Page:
Vegetables move up with LEDs in Iceland

If you want to grow commercial vegetables in Iceland, it wouldn’t be a bad idea to build a naturally lit greenhouse and pump in some of the country’s ample geothermal heat. Better yet, says Andri Björn Gunnarsson, build a windowless vertical farm, and pump up the LEDs. That’s what Gunnarsson and his company Vaxa have done.

Working with lighting provider Signify, Vaxa is growing lettuces, greens, and herbs across 17,200 ft2 stacked up and down six layers of racks in a 16.5-ft-high facility in Lambhagavegur, about 8 miles east of Reykjavik. The crops never see the sun while they grow.

Rather, they get their photons from Signify’s Philips GreenPower LED fixtures mounted roughly 10 to 12 inches above the plants. At that distance, conventional high-pressure sodium lighting would be unsuitable because, as a less efficient light source than LED, it would emit excess heat that would damage the plants.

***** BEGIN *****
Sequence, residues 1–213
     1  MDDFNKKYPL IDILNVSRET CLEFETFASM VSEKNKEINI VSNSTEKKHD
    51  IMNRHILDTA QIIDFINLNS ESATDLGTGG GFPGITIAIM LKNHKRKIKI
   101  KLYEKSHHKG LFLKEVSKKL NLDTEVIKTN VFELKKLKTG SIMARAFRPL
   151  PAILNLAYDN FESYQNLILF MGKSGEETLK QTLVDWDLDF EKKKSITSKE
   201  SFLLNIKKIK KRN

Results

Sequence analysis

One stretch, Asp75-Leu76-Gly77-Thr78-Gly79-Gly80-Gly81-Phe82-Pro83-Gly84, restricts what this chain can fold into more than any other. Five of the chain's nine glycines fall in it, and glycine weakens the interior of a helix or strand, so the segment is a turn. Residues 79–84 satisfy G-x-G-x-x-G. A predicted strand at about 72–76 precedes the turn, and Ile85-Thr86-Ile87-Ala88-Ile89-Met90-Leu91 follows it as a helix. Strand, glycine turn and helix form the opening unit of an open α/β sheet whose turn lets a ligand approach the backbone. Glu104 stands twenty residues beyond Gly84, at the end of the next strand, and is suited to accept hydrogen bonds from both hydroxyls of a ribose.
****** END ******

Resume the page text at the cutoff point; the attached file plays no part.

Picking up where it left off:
Vaxa, founded in 2017, started construction of the 10,800-ft2 facility in 2018, planted and lit its first run on three layers later that year, and started delivering products to market in February 2019. It subsequently lit and planted the other three layers, all in 2019.

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